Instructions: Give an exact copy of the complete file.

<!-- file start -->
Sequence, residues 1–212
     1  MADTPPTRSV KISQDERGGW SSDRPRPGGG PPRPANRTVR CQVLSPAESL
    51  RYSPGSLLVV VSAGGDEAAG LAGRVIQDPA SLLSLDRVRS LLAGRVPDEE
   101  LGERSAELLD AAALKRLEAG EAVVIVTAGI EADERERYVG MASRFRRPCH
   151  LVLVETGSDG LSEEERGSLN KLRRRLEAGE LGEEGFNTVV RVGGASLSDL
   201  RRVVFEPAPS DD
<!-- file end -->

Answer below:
Sequence, residues 1–212
     1  MADTPPTRSV KISQDERGGW SSDRPRPGGG PPRPANRTVR CQVLSPAESL
    51  RYSPGSLLVV VSAGGDEAAG LAGRVIQDPA SLLSLDRVRS LLAGRVPDEE
   101  LGERSAELLD AAALKRLEAG EAVVIVTAGI EADERERYVG MASRFRRPCH
   151  LVLVETGSDG LSEEERGSLN KLRRRLEAGE LGEEGFNTVV RVGGASLSDL
   201  RRVVFEPAPS DD